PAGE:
We want our app to heal all those pain points.

Having all research done, we rolled our sleeves up, opened Figma and put together the bare bones of the app, a.k.a. wireframes. We brought all the features together, deciding on how elements are going to look like on a page and connect with each other to deliver a stellar user experience.
Having the structure done, now we want to add a visual layer to make the app fancy and usable.

Time to design some fancy-looking interface for our bare-bones wireframes. At this step, we made decisions about fonts, color schemes, brand assets, content layout and navigation pattern styles. And we did our best to make the interface intuitive — because the app was born to fight, not spread confusion in teams.

The final move is to bring together structure and visuals, and we’re ready to present the final product.

Let us introduce you Process Place

Here’s how it works.

Create process template

Process template is instruction. The work with the app starts with defining your process and creating such instruction that converts a process into a step-by-step guide.

Use one of our pre-designed process templates or create your own from scratch with a visual editor. Each step you can accomplish with instruction and relevant documentation in any format, be it a link, a picture, or a video.

Created once, a template will serve as a guide every time you need to run a process.

Use conditional logic for smarter processes

You can make process templates smarter by adding if-then logic. It allows us to create personalized checklist paths that vary based on actions that occur within the process.
Curious if newbies now need parking spots? Use conditional logic for your onboarding process to find out who gets to the office by  car — and then skip or activate a parking onboarding branch automatically.

Make approvals as fast as lightning

Processes get stuck waiting for approval, and reviewers spend more time searching for the piece than they do checking it out.

With Process Place, reviewers get a request automatically as soon as the task is marked ready and don’t even need to leave their email accounts to approve or reject any details.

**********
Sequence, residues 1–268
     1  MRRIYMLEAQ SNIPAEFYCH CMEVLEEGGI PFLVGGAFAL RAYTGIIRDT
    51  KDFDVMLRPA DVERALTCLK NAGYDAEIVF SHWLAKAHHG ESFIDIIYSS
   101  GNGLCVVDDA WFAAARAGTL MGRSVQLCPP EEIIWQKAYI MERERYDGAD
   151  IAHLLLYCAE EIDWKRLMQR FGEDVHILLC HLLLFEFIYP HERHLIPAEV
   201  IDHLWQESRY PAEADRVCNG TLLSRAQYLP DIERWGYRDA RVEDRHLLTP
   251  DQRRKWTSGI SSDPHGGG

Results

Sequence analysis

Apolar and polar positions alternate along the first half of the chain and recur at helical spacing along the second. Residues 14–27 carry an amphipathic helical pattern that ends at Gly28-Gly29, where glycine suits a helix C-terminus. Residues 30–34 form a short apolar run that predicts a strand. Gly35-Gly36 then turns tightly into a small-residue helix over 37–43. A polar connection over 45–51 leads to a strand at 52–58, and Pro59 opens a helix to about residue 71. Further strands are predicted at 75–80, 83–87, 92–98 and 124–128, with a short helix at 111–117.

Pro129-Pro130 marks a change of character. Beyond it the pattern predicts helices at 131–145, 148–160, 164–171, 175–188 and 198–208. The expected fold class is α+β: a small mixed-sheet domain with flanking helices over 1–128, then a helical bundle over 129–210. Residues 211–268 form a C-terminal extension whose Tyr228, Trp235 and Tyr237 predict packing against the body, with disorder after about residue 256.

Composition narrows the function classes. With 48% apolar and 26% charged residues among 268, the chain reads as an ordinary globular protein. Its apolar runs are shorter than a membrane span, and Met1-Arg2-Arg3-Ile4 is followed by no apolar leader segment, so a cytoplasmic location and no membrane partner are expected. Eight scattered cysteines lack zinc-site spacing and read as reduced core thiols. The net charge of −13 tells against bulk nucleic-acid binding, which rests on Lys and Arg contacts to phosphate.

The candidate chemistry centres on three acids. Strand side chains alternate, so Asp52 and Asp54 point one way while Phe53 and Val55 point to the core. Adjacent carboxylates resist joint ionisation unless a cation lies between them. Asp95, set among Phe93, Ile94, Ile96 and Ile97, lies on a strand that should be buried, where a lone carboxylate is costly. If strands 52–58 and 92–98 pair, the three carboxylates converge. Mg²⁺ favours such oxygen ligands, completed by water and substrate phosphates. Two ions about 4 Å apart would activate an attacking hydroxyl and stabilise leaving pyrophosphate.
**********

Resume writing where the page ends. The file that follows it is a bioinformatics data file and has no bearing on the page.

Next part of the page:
Glue everything together

If you need even more structure in your workflow, the app enables you to line up your processes into a bundle of processes and enhance their flow with conditional branching. The branch selection is done automatically, in real-time, based on pre-defined if-then rules.

Say, you’re running an employee probation period checklist. If that probation went well, it will trigger the next checklist, made for preparing an employment contract. Otherwise, you’ll be automatically directed to an offboarding checklist.  

Run processes as checklists

Create a checklist on top of a template whenever it’s time to run a new process. Thus, you have a single onboarding template, but numerous onboarding checklists, one per employee.

Contributors get assigned for specific steps of a checklist and receive              a welcome hit of dopamine for checking off boxes as their steps are completed. No chaos, no ambiguity.      A manager tracks activity from the dashboard and gets notified when tasks are done.

Having all research done, we rolled our sleeves up, opened Figma and put together the bare bones of the app, a.k.a. wireframes. We brought all the features together, deciding on how elements are going to look like on a page and connect with each other to deliver a stellar user experience.
Having the structure done, now we want to add a visual layer to make the app fancy and usable.